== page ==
Turn the air conditioner thermostat up to at least 78° or higher or use a programmable thermostat. Close doors to unused rooms. Turn air conditioners off when no one is home.
Set your thermostat as high as comfortably possible in the summer. The less difference between the indoor and outdoor temperatures, the lower your overall cooling bill will be.
Run your air conditioner for a few minutes in the spring, before you need it. If you wait until the first hot day to discover is isn't working, you'll find yourself on a waiting list, sweltering sometimes for days before an air conditioning specialist can come to fix it.
Don't set your thermostat at a colder setting than normal when you turn on your air conditioner. It will not cool your home any faster and could result in excessive cooling and, therefore, unnecessary expense.
Change the filters regularly. Dirty filters restrict air flow, reducing efficiency and worse case, can cause the evaporator to ice up. Disposable fiberglass filters should replaced. Electrostatic or electronic filters need to be washed regularly.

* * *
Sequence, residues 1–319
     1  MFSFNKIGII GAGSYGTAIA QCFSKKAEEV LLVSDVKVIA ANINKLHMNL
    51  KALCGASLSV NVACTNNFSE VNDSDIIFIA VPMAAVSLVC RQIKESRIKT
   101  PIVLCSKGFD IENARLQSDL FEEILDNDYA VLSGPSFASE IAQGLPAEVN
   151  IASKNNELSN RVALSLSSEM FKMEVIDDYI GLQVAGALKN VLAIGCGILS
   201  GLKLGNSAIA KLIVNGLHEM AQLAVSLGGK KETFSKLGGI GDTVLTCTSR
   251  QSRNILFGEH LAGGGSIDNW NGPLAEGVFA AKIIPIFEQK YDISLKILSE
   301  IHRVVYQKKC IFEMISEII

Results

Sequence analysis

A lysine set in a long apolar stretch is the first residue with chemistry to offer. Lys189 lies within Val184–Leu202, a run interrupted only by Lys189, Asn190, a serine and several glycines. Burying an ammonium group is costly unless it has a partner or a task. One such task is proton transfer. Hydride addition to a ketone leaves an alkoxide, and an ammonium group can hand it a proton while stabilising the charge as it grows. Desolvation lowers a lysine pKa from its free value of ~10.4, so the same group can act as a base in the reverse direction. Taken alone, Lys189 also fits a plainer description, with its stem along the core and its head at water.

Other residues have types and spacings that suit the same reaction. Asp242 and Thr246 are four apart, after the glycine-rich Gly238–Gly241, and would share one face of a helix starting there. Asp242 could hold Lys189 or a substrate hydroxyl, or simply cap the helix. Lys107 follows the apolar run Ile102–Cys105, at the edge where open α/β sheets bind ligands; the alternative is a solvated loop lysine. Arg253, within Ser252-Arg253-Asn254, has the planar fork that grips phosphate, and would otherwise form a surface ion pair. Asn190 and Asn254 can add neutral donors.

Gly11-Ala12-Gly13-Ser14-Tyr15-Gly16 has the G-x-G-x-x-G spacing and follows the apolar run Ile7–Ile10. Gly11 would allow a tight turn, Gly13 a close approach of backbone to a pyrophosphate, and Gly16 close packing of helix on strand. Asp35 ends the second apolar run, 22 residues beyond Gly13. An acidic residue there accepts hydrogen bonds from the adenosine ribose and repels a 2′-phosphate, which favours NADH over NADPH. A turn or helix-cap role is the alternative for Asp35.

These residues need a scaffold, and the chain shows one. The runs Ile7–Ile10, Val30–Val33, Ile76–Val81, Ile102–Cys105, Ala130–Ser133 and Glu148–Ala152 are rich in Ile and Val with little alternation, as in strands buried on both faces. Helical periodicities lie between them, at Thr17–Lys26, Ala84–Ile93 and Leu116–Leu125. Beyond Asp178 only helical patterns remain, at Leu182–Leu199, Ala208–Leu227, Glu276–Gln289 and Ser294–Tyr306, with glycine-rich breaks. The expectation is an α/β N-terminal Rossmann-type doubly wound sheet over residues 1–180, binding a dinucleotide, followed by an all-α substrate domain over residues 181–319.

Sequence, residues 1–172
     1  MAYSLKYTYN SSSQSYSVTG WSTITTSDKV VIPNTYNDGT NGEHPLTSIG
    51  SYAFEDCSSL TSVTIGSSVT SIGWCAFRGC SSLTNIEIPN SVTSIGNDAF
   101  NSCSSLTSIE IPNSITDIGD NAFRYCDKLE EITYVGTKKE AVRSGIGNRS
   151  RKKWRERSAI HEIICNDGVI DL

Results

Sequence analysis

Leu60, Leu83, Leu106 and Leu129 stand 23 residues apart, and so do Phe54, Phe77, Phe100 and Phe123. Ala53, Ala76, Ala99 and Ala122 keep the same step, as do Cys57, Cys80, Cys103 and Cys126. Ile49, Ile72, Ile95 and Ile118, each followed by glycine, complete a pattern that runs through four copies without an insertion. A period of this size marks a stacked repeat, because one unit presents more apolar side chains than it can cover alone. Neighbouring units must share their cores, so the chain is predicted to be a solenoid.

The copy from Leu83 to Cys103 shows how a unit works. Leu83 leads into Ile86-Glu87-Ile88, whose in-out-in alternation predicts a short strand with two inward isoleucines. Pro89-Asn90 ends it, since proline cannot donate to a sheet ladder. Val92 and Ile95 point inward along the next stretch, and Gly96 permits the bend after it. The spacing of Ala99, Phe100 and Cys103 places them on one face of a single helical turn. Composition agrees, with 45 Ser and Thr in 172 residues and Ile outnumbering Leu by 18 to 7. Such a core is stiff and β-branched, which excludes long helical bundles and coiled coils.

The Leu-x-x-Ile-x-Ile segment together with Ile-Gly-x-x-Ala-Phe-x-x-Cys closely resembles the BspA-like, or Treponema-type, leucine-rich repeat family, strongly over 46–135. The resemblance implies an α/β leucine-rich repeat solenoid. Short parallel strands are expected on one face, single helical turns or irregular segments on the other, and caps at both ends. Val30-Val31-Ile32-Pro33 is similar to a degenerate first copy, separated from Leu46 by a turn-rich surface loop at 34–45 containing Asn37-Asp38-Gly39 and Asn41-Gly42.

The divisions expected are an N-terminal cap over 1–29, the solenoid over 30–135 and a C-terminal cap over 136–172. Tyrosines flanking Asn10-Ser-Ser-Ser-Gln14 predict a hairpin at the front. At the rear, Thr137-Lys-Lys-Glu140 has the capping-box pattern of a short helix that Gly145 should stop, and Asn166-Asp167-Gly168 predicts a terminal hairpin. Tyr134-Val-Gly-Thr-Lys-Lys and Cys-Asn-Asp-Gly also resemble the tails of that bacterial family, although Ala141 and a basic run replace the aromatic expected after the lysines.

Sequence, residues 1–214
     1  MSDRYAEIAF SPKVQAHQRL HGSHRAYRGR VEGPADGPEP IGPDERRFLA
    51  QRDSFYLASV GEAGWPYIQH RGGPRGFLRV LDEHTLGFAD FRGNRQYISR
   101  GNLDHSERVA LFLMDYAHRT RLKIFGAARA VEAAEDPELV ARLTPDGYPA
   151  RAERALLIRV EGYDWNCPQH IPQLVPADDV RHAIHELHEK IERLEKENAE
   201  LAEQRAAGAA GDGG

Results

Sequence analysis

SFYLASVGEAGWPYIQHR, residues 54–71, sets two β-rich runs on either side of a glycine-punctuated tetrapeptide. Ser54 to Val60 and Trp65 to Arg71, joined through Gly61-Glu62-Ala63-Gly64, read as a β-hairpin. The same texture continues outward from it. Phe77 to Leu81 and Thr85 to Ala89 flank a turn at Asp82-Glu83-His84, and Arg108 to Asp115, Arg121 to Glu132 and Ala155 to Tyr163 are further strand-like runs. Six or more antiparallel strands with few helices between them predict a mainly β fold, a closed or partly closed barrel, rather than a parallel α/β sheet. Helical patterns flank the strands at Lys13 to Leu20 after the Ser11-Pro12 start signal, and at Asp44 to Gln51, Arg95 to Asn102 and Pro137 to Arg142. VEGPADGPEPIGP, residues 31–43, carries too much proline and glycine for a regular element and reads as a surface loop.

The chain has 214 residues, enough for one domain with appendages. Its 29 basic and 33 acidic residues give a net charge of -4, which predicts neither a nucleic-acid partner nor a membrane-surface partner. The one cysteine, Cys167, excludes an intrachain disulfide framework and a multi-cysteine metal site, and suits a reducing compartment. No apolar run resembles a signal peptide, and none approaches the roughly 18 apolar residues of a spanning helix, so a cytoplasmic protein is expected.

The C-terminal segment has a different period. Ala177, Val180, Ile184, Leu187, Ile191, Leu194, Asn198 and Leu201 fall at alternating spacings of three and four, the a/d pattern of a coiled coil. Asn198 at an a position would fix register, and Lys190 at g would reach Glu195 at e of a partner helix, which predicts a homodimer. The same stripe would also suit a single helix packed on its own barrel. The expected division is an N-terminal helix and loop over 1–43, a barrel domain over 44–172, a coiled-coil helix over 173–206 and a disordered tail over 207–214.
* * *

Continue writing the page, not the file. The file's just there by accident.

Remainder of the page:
Set the fan speed on high except in very humid weather. When it's humid, set the fan speed on low. You'll get better cooling, and slower air movement through the cooling equipment allows it to remove more moisture from the air, resulting in greater comfort.
Clean obvious obstructions such as newspaper, leaves, etc. from around the exterior of the unit.
Consider using an interior fan in conjunction with your window air conditioner to spread the cooled air more effectively through your home without greatly increasing your power use.
Be sure the thermostat is set in the cooling mode. Just setting the dial below room temperature will not activate the air conditioning if it is set in the heat mode.
Don't place lamps or TV sets near your air-conditioning thermostat. The thermostat senses heat from these appliances, which can cause the air conditioner to run longer than necessary.